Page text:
A stupid fool?

Stupid fool

You may have heard this expression before. It is used by English mortals (mortales) in Spain, Tenerife, or England and shows a person whose capacity for logic is deficient (cuya capacidad de lógica es deficiente).

Think about the word “fool”. It is absolute (absoluto). A fool is by definition “stupid”. Is there such a thing as a clever fool? No. The grammatical term for such errors is “tautology” (tautología), and the mistake is committed because of a failure to think about what words mean.

Other common examples of these tautological errors are “ugly monster” (all monsters are ugly), and “he shouted loudly” (shouts are by definition loud). People often say “could you repeat that again”, failing to think that “repeat” means again. The simple correct form should be “could you repeat that please?”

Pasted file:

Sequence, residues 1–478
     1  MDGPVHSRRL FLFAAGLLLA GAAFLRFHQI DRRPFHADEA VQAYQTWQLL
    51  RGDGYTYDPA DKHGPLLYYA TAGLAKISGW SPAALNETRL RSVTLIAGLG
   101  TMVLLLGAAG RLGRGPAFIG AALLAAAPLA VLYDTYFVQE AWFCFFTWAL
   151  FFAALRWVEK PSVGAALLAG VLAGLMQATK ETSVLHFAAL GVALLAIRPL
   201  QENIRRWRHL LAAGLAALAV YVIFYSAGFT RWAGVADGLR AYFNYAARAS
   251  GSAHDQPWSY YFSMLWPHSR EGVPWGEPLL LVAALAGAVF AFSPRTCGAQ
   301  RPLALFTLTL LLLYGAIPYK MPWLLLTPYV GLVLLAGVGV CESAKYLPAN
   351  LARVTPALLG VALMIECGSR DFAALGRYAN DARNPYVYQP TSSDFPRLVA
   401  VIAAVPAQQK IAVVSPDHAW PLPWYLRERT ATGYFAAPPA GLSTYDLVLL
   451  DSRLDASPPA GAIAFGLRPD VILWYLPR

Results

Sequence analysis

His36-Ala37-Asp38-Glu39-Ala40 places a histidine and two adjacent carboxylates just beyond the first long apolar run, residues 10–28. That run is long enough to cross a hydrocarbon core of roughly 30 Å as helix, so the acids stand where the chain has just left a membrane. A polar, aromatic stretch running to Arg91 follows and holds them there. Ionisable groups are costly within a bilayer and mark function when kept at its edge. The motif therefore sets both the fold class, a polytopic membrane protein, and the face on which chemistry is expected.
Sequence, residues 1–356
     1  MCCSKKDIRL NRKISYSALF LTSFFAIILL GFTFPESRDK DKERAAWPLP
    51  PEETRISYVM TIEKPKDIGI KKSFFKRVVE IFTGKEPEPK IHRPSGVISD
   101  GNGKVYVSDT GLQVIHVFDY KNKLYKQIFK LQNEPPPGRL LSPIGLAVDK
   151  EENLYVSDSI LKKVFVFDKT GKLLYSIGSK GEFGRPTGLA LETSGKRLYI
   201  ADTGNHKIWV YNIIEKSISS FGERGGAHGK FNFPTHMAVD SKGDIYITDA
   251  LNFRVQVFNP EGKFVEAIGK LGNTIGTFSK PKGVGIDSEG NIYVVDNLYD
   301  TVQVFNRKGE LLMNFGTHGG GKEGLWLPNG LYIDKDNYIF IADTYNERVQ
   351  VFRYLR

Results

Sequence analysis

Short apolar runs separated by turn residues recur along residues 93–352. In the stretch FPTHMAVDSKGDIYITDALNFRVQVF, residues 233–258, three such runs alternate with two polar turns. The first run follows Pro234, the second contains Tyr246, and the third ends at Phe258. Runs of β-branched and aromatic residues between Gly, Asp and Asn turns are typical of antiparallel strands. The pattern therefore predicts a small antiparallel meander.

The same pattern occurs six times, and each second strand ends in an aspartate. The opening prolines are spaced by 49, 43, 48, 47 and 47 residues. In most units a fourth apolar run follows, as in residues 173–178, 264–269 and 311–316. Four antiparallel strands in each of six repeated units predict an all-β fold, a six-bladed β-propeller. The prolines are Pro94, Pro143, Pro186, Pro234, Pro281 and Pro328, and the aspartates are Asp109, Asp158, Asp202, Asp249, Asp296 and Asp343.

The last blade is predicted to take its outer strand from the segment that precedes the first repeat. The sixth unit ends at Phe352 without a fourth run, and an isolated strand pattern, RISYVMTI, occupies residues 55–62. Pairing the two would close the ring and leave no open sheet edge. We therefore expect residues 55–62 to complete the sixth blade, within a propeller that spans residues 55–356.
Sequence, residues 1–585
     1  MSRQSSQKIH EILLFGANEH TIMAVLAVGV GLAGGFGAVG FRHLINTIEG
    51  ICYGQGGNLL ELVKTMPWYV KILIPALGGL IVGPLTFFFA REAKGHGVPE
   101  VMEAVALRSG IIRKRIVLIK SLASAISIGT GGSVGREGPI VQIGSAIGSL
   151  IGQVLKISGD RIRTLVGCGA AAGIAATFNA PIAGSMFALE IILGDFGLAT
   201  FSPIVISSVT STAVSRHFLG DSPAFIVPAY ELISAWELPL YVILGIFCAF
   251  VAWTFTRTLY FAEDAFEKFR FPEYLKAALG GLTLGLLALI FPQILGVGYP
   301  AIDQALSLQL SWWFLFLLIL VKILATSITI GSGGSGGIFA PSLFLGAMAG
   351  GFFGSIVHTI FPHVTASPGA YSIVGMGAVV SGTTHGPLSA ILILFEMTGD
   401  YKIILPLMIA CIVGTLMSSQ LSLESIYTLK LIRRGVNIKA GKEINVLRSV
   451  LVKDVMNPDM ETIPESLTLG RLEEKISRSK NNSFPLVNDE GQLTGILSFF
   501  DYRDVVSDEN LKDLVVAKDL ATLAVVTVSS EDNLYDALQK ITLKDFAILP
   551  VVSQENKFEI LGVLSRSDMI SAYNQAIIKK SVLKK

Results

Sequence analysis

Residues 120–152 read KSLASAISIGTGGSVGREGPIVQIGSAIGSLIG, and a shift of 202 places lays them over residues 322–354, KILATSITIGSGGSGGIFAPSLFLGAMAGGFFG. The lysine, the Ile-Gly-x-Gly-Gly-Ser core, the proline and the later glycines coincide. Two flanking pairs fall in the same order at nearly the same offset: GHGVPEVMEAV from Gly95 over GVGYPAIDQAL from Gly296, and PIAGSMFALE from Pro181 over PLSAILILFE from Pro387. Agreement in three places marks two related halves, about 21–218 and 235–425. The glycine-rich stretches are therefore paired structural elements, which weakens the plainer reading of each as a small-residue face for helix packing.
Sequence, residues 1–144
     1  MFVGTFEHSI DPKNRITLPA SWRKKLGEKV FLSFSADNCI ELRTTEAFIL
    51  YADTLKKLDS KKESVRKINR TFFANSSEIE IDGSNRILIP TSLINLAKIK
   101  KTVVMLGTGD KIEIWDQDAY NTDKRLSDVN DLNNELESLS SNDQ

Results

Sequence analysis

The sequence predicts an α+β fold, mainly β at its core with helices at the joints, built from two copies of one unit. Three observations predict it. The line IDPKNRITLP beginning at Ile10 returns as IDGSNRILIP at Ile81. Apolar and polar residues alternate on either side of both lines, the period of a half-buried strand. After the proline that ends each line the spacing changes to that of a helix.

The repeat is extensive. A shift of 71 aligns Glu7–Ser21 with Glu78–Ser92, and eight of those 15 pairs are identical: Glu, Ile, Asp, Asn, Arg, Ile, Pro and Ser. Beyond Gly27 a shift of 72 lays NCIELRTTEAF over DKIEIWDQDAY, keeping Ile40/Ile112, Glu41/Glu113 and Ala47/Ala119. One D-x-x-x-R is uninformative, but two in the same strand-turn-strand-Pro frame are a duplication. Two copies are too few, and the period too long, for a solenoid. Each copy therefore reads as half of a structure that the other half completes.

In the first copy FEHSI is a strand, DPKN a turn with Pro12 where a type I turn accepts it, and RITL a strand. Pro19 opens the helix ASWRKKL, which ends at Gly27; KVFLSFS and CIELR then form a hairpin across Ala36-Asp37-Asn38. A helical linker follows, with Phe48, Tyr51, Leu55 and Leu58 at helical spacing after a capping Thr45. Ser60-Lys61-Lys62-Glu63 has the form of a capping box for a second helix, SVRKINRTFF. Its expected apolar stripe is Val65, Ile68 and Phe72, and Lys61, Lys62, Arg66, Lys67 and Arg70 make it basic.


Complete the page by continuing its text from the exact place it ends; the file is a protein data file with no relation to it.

Even the BBC reporters, who should have impeccable English, have been heard to say that “the suspect continues to remain in custody” (detención). This is simply wrong. If you are in custody then that is where you are, so using “remain” only confuses and is wrong. Why not simply say “the suspect is in custody”. Life is a lot simpler with this shorter sentence and you avoid being labeled as “unthinking” (irreflexivo).

Another clanger (otra metedura) is “the door was completely closed”. “Closed” is an absolute. If a door is not shut, it is then open, whether it be slightly open or wide open. With “open” we can use adverbs because the open position of a door or window has variations, whereas shut means shut.

So don´t be a fool and say “stupid fool!


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